Earlier this month, I traveled to St. Thomas in the U.S. Virgin Islands for a week-long family vacation. Before leaving my home in Dallas, I contacted the Rabbi Shimon Moch, the spiritual leader at Hebrew Congregation of St. Thomas, and inquired about coming to Shabbat services while I was there.
With just over 110 members units, Hebrew Congregation is small in size but large in passion, and its community is very welcoming to those who are vacationing in the islands. With a real pride in the history of their community, its members are quick to let you know that their congregation is the oldest Reform congregation under the United States flag. Upon hearing of my visit, Rabbi Moch and president Carol Moore welcomed me with open arms and offered me time on their bimah to share comments and greetings from the URJ with the rest of the congregation.
On the drive from my hotel to the synagogue, Rabbi Moch gave me an informal historical tour of the island, telling me of the Jewish roots of the congregation and of the social hall that sits across the street. As we traveled along the beautiful Caribbean, driving the winding, hilly road and passing the famed “Bridge to Nowhere,” I listened to Rabbi Moch’s history lesson with an appreciation for his knowledge of names, dates, and details. The congregation is listed as a historical monument, and the tourist bureau lists it as a must-see place to visit when on the island. The synagogue is often used for destination weddings and sustains itself not only through its own community but by the generosity of the many individuals who have visited the congregation.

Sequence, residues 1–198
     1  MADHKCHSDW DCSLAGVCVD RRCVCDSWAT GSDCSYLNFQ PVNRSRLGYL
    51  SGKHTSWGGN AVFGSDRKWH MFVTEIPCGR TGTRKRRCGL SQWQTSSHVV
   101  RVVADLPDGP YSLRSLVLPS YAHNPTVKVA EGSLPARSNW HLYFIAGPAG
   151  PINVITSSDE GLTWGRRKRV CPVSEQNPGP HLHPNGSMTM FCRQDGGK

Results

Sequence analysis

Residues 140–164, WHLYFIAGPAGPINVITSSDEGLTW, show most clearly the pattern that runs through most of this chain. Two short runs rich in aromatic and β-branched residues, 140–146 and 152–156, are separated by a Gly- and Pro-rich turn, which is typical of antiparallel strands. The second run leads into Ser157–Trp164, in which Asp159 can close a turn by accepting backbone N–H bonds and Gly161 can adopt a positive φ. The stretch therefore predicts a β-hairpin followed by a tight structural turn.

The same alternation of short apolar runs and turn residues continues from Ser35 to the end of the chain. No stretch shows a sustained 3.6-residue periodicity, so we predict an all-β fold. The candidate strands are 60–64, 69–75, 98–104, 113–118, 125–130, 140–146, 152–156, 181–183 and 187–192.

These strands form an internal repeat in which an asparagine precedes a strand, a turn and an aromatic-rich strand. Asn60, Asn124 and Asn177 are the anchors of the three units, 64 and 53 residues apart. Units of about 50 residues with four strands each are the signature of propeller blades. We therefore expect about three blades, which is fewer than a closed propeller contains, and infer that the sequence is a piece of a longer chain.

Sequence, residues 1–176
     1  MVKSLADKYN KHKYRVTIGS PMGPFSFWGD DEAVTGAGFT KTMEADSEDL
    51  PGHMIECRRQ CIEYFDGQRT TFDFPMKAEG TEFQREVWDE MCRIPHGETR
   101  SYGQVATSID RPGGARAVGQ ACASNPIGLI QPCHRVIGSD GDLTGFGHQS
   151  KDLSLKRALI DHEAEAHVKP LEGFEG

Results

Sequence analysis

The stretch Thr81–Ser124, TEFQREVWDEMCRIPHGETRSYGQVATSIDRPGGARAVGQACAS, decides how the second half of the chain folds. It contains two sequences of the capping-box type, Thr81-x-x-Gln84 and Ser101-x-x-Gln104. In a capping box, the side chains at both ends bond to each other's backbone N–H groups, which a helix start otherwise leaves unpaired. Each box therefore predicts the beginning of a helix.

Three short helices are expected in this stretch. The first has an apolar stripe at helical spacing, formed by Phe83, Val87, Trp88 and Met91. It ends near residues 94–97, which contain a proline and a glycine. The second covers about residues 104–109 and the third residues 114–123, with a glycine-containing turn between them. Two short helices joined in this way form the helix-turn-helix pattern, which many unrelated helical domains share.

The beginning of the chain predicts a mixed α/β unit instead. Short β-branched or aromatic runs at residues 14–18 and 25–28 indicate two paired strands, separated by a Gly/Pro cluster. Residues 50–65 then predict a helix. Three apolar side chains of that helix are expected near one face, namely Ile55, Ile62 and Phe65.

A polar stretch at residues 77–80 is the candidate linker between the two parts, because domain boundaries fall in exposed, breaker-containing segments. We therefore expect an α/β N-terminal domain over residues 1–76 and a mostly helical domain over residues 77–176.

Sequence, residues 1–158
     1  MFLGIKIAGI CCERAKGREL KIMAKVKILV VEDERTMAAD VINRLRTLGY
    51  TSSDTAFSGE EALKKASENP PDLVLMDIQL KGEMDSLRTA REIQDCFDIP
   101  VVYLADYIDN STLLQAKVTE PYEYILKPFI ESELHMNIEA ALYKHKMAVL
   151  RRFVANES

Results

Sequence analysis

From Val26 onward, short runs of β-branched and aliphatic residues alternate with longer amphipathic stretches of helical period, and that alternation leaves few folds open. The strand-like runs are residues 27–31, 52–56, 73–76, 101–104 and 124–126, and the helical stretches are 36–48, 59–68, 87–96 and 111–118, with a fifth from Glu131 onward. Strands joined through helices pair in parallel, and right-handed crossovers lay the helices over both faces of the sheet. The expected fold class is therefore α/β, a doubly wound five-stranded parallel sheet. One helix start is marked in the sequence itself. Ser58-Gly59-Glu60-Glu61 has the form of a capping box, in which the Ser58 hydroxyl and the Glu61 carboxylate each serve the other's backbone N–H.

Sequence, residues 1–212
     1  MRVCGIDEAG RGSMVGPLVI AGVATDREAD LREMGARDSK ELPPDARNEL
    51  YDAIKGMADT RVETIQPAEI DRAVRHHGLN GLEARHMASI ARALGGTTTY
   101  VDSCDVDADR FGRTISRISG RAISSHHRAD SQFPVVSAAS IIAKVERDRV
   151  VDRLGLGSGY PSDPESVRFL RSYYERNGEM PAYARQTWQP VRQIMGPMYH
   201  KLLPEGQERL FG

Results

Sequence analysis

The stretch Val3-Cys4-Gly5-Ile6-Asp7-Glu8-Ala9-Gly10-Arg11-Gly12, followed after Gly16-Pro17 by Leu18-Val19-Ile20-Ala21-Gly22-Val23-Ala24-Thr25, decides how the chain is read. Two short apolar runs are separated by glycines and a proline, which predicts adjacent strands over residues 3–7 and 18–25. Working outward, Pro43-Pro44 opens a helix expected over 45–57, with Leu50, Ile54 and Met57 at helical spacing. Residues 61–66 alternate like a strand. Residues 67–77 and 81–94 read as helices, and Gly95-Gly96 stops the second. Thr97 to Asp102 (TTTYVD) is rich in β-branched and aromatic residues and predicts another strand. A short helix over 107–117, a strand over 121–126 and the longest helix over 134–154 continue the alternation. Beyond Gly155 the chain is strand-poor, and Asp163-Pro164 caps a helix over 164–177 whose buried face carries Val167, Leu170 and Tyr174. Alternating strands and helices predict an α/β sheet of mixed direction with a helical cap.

When we arrived at the synagogue prior to services, Rabbi Moch proudly opened the ark to show me the beautiful scrolls housed inside. Though many of Hebrew Congregation’s members return to the mainland for the summer, a substantial group attended the service and oneg that followed. The sanctuary is not air-conditioned, and summer worshippers sit close to the strategically placed fans that keep the sacred space comfortable. I never found myself uncomfortable, though. With the ocean breezes, the warm and welcoming community, and the sanctuary floor covered in sand, it all felt just right. From the time I climbed the steps to the sanctuary, the sense of mysticism and the aura of holiness I experienced was similar to those I observed in Tfzat – and I knew this special opportunity was one I would long remember.
The service was filled with music and prayer, a celebration of a returning couple whose daughter had attended the URJ camp in Georgia, a message from their new president, and a memorial of those who had suffered through recent tragedies in the US and the Israeli athletes who had perished during the Munich Olympics. It was a true understanding that as Jews, being remote does not mean being isolated and that we can find the warmth of Shabbat anywhere.
This congregation, with its opened doors and windows, is the Abraham’s tent where travelers are welcomed, fed, and engaged as they pass through. I hope anyone who finds their way to the Virgin Islands will step inside the tent and find the same warmth and welcome that I experienced.